Detection of resting-state functional connectivity networks in the human lumbar spinal cord at 3T
Anna JE Combes1,2, Anirban Sengupta1,2, Baxter P Rogers1,2, Delaney Houston1, Logan Prock1, Francesca Bagnato3, Colin D McKnight3, John C Gore1,2,4, Seth A Smith1,2,4, and Kristin P O'Grady1,2
1Vanderbilt University Institute of Imaging Science, Vanderbilt University Medical Center, Nashville, TN, United States, 2Radiology and Radiological Sciences, Vanderbilt University Medical Center, Nashville, TN, United States, 3Neurology, Vanderbilt University Medical Center, Nashville, TN, United States, 4Biomedical Engineering, Vanderbilt University, Nashville, TN, United States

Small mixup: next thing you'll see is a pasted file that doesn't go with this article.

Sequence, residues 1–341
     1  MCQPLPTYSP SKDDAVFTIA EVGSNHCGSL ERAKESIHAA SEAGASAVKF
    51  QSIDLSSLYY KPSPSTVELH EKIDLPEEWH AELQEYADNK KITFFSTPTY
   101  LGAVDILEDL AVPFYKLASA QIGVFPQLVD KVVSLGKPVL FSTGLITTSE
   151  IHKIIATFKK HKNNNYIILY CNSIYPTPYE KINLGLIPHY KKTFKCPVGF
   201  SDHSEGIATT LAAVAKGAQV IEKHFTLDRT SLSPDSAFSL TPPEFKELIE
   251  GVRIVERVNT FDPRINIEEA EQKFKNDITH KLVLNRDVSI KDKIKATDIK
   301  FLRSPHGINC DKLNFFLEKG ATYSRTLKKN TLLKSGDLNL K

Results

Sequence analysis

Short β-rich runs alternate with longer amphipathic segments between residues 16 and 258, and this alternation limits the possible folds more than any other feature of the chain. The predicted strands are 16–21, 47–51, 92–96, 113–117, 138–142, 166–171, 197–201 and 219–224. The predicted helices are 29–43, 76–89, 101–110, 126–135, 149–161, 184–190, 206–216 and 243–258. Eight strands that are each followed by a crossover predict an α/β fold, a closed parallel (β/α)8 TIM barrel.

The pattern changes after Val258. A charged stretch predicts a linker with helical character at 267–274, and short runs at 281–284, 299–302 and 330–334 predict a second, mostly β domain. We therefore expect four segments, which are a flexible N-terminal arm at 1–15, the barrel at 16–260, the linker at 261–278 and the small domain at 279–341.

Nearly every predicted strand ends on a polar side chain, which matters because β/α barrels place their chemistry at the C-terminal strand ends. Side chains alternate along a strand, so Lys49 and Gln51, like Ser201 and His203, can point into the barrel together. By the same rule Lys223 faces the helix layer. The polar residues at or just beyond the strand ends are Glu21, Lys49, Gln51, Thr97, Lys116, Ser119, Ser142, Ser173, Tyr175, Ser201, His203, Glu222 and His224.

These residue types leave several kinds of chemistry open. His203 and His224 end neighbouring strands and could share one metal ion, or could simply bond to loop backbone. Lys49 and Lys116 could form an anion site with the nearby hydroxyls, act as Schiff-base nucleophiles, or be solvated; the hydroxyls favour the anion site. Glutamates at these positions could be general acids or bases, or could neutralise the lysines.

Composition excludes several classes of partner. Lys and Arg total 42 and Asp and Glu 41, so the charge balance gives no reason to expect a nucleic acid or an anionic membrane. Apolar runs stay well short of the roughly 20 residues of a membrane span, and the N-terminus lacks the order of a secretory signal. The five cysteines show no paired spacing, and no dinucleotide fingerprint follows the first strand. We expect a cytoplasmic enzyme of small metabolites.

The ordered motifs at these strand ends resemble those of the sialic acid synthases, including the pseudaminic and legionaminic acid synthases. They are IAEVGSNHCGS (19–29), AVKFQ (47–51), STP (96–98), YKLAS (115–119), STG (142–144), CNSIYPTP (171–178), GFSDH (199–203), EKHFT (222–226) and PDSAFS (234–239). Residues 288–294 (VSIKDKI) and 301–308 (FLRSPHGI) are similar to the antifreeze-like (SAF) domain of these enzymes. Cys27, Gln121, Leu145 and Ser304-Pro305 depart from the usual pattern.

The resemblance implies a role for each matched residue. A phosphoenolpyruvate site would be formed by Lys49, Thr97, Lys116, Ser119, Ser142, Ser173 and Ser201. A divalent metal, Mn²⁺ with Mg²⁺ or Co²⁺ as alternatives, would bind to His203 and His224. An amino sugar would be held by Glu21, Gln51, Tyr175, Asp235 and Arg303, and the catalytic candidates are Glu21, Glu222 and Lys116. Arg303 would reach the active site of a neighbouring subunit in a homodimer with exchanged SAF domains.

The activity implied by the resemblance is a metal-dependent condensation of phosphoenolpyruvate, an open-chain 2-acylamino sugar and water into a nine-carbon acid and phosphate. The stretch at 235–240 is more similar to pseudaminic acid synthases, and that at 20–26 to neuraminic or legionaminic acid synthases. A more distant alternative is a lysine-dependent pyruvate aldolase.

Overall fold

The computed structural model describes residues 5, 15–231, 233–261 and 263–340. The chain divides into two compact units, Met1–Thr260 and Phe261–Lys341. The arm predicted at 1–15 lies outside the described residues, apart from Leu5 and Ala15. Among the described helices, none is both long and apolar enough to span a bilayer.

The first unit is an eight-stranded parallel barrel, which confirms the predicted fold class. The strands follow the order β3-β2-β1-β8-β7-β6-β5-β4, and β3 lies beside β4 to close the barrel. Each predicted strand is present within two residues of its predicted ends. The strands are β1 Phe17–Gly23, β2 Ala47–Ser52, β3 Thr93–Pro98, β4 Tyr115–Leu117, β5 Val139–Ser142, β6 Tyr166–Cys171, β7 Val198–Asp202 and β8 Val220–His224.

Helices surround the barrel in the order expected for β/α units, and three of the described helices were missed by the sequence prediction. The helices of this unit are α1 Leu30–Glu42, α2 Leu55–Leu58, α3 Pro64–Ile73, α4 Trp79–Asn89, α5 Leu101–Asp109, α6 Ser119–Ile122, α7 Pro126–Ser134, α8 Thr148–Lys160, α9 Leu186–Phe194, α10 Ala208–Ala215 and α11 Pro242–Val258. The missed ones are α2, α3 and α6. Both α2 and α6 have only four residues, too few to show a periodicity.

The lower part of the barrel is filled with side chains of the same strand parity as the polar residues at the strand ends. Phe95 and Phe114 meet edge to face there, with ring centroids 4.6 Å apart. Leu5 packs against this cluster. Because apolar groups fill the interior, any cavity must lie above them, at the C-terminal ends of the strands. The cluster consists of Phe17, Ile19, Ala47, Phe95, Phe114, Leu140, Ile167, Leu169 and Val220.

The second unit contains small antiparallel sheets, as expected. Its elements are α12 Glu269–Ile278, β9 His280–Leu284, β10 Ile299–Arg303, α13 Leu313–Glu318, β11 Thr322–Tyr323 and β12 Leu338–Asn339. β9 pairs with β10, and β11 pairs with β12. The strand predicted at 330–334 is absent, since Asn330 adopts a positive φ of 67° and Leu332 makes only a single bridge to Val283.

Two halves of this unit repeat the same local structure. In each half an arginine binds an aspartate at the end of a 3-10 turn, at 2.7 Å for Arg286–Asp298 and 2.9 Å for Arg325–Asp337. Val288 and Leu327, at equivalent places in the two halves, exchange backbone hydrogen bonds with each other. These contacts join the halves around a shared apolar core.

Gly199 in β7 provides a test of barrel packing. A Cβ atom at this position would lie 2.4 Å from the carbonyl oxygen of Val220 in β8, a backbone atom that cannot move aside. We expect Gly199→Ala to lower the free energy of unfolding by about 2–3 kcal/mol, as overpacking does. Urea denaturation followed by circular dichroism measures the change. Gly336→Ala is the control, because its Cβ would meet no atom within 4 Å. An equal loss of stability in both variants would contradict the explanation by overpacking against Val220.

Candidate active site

3D multishot GRE resting-state BOLD-sensitive images of the lumbar spinal cord were acquired in 10 healthy participants as part of a functional MRI (fMRI) protocol. Temporal SNR in the gray matter (GM) was 18.2±4.3 after post-processing. Average correlations at rest were 0.49±0.17 between ventral horns, and 0.55±0.13 between dorsal horns, and could be detected at the single-subject level using seed-based analysis. Independent Component Analysis in 6 subjects, each scanned on two different occasions, identified network nodes within GM that were consistent across sessions. FMRI of the lumbar spine is feasible and may reflect functional integrity of the lumbar cord.
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